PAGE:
HUD Posts FAQs about Increased Rent Payments for RAD Projects in Opportunity Zones
Congress created the Rental Assistance Demonstration (RAD) in fiscal year 2012 to test whether public housing agencies (PHAs) could leverage Section 8 rental assistance contracts to raise private debt and equity to make public housing capital improvements and thereby preserve low-income housing. According to updated RAD operation guidance in Notice H-2019-09/PIH-2019-23 issued on September 5, HUD will provide extra rent revenue of up to $100 per unit per month to a public housing project located in an Opportunity Zone that converts to Section 8 project-based rental assistance (PBRA) through RAD, provided the project needs extra revenue to be financially viable. HUD recently posted a set of frequently asked questions (FAQs) that explain the eligibility criteria for receiving the extra rent revenue. The FAQ can be found on HUD’s online RAD Resource Desk at www.radresource.net.
To receive up to an additional $100 per unit per month, subject to the availability of funds, the RAD project must be located in a designated Opportunity Zone and must plan to convert public housing units to PBRA, undertake either new construction or substantial rehabilitation, and demonstrate that the extra revenue is necessary to achieve financial viability. HUD will approve requests on a first-come, first-served basis. According to the FAQ, HUD defines “new construction” or “substantial rehabilitation” as hard construction costs, including general requirements, overhead and profit, and payment and performance bonds, in excess of 60 percent of the Housing Construction Costs as published by HUD for a given market area. According to HUD, funds for this purpose will be allocated on a first-come, first served basis, subject to the availability of funds.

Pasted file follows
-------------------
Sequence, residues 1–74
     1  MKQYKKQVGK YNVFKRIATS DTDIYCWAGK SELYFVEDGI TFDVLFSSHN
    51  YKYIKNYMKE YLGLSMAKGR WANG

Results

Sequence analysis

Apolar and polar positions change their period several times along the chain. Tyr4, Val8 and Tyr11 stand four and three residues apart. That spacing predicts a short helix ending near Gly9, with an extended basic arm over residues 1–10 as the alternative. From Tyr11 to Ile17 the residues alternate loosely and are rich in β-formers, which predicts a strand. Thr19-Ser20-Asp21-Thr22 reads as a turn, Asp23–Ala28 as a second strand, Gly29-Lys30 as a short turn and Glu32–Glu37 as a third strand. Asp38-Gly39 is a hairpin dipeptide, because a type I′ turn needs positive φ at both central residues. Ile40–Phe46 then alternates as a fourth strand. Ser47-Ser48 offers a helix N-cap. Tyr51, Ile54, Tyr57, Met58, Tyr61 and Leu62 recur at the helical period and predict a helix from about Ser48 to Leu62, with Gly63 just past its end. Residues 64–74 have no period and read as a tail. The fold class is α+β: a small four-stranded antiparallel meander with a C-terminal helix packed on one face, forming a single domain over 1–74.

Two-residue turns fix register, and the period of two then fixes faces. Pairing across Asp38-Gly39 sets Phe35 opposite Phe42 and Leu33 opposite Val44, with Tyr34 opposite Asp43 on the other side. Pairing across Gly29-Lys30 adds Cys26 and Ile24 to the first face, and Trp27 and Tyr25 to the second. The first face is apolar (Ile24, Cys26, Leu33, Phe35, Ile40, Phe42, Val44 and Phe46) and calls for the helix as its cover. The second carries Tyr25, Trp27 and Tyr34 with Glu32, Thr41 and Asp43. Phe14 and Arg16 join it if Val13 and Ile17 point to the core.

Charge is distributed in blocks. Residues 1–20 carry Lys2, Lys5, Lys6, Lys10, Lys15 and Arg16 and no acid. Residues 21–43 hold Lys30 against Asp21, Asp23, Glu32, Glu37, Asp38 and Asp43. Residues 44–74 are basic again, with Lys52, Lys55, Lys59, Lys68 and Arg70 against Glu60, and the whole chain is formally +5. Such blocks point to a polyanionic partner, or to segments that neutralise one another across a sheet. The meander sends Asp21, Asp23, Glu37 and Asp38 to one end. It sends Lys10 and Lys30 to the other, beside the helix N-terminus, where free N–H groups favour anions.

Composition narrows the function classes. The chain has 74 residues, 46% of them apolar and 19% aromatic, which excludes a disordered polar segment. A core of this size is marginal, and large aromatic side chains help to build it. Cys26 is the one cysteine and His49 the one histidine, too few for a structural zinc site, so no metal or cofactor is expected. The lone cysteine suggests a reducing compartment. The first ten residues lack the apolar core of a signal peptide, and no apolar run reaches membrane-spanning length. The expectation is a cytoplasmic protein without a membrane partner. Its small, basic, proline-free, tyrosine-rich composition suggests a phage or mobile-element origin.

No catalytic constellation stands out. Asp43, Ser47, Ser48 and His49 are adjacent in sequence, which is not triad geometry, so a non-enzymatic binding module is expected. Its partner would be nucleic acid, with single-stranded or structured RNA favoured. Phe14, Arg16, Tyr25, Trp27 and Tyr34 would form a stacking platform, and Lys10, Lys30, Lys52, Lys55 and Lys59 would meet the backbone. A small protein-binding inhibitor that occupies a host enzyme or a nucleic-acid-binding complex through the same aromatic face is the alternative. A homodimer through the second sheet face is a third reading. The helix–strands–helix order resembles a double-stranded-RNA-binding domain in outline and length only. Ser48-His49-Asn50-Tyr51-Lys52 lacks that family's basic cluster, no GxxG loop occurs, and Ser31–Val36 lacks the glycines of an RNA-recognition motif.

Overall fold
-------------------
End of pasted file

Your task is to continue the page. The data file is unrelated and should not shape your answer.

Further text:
Housing construction costs for a given market area can be found at www.hud.gov/sites/dfiles/PIH/documents/TDC.pdf. HUD has also developed a tool, available on the RAD Resource Desk, that PHAs can use to quickly assess whether their proposed rehab level meets this threshold. For purposes of calculating aggregate construction costs, HUD will consider the combined construction costs of the overall development. The development may include a mixture of new construction and rehabilitation and may include other units besides the converting units, such as through the development of new units.
According to the FAQ, HUD will generally take the following approach to determining whether the rent increase is necessary for the viability of the transaction:
- HUD will consider the total revenue for the property, including any other adjustments to the Commitment to enter into a Housing Assistance Payment (CHAP) rents and other revenue producing units at the site.
- The transaction must utilize “hard,” must-pay financing.
- Using a trending rate of 2 percent for revenue and 3 percent for expenses, the transaction must maintain a debt coverage ratio that is no greater than 1.35 over a 20-year pro forma.
- The transaction can’t include any cash-out financing or net acquisition proceeds to the PHA.
- For transactions with more than 50 units, the transaction must defer or exclude at least 25 percent of the maximum allowable developer fee that would be allowable under the state Qualified Allocation Plan.
As a result of these tests, HUD may deny the rent increase or reduce the amount from what was requested. And HUD reserves the right to consider other unique factors in the analysis of individual transactions.